Then there is also this, pointed out in a WaPo article coauthored by the economist Joseph E. Stiglitz in 2010:

Writing in these pages in early 2008, we put the total cost to the United States of the Iraq war at $3 trillion. This price tag dwarfed previous estimates, including the Bush administration's 2003 projections of a $50 billion to $60 billion war.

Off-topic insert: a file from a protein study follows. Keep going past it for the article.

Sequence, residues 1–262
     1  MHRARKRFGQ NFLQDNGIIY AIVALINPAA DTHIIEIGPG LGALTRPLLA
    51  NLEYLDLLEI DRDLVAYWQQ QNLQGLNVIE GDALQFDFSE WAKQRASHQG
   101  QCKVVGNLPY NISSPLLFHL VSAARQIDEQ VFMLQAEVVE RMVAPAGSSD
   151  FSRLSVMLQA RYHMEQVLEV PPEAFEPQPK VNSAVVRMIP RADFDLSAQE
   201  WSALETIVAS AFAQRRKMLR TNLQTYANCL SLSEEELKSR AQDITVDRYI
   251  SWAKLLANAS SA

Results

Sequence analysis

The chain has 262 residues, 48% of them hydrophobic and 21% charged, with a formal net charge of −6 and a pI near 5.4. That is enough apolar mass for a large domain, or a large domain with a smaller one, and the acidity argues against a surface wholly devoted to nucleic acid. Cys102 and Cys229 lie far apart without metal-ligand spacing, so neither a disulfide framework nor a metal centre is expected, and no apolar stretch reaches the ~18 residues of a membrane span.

The real cost of the war, however, turns out to be even higher than the estimated $3 trillion! Why? Because the war was, one, funded by debt (Bush cut taxes just as the war began), and, two, a lot of the borrowed war money ended up outside of the economy, and so the Keynesian benefits (war-related production) for standard Americans were small. With no real money returning to the productive side of the economy (which still matters), growth slowed and the growth-dependent financial superstructure collapsed.